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Putative resolution of the EEEE selectivity paradox in L-type Ca2+ and bacterial Na+ biological ion channels

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Article number054027
<mark>Journal publication date</mark>20/05/2016
<mark>Journal</mark>Journal of Statistical Mechanics: Theory and Experiment
Number of pages10
Publication StatusPublished
<mark>Original language</mark>English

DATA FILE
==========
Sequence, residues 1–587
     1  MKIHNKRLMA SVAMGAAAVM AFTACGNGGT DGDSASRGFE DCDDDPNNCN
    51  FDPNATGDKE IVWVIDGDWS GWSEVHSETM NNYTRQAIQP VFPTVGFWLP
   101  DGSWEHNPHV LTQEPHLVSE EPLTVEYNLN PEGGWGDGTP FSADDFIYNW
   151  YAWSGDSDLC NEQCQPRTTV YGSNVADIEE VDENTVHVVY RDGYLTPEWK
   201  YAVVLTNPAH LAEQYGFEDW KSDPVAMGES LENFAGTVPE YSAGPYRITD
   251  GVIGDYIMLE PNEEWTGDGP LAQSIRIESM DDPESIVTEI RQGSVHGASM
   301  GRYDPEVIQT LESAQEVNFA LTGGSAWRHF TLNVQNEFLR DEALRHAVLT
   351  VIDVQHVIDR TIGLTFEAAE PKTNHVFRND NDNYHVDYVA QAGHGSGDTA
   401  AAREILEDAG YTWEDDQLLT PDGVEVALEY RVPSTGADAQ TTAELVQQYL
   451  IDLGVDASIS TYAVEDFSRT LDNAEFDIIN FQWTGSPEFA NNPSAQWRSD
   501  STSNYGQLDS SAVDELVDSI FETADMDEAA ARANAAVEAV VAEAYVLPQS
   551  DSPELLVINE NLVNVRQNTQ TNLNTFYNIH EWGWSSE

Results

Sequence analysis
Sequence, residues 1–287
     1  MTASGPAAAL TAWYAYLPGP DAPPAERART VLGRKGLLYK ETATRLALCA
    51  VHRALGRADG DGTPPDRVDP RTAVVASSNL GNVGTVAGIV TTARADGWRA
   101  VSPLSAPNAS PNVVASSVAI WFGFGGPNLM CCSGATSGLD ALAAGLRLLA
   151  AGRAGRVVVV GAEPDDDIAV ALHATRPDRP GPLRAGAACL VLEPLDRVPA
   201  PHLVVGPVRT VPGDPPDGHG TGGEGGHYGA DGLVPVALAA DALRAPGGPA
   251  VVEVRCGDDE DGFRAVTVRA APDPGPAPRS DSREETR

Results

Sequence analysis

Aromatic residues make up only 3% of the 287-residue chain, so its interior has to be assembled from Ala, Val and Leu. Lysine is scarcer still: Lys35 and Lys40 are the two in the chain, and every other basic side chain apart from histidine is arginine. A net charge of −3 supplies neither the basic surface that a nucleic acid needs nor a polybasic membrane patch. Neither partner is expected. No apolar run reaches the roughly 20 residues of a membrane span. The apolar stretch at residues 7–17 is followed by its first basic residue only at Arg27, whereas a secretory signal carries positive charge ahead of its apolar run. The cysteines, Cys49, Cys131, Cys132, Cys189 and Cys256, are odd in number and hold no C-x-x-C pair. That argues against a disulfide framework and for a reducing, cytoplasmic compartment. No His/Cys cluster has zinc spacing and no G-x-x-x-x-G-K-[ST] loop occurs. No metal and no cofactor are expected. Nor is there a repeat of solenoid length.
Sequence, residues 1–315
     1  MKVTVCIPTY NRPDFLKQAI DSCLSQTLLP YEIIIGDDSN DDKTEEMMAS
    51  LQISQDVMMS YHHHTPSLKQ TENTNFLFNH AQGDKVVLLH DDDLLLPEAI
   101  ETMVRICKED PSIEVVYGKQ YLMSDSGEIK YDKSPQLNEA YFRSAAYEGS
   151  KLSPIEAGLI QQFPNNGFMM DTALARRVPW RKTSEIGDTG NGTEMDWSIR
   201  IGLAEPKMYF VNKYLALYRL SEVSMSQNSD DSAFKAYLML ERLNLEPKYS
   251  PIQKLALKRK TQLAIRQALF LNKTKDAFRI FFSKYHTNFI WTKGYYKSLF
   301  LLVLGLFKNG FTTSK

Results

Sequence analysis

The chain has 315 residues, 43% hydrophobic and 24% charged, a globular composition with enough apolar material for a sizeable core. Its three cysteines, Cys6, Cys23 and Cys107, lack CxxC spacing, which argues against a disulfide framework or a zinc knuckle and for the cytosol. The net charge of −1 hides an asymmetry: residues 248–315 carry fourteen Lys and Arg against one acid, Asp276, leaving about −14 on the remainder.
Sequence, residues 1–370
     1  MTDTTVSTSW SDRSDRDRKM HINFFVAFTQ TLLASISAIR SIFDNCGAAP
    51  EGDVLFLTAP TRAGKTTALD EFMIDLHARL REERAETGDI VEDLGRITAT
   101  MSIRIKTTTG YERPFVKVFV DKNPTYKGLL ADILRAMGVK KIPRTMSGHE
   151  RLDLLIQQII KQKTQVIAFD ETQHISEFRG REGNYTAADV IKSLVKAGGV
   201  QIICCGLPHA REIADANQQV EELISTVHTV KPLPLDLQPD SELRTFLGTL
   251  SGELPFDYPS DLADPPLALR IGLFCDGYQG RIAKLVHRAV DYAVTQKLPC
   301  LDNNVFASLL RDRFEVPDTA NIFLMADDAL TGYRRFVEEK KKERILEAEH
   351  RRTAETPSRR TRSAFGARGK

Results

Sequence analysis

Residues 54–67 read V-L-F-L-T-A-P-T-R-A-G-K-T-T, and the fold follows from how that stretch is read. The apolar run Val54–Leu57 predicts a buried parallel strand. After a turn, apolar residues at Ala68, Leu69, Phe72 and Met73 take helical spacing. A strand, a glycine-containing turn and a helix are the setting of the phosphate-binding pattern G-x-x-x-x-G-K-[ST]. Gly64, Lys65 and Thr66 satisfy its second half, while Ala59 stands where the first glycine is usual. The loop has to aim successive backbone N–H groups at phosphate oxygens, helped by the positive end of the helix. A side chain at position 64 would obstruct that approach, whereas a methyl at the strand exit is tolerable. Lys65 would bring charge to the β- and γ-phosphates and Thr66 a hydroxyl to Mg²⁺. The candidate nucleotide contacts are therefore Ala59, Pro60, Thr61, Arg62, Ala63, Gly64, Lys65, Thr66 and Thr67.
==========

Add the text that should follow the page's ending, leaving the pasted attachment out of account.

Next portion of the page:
The highly selective permeation of ions through biological ion channels can be described and explained in terms of fluctuational dynamics under the influence of powerful electrostatic forces. Hence valence selectivity, e.g. between Ca2+ and Na+ in calcium and sodium channels, can be described in terms of ionic Coulomb blockade, which gives rise to distinct conduction bands and stop-bands as the fixed negative charge Qf at the selectivity filter of the channel is varied. This picture accounts successfully for a wide range of conduction phenomena in a diversity of ion channels. A disturbing anomaly, however, is that what appears to be the same electrostatic charge and structure (the so-called EEEE motif) seems to select Na+ conduction in bacterial channels but Ca2+ conduction in mammalian channels. As a possible resolution of this paradox it is hypothesised that an additional charged protein residue on the permeation path of the mammalian channel increases |Qf | by e, thereby altering the selectivity from Na+ to Ca2+. Experiments are proposed that will enable the hypothesis to be tested.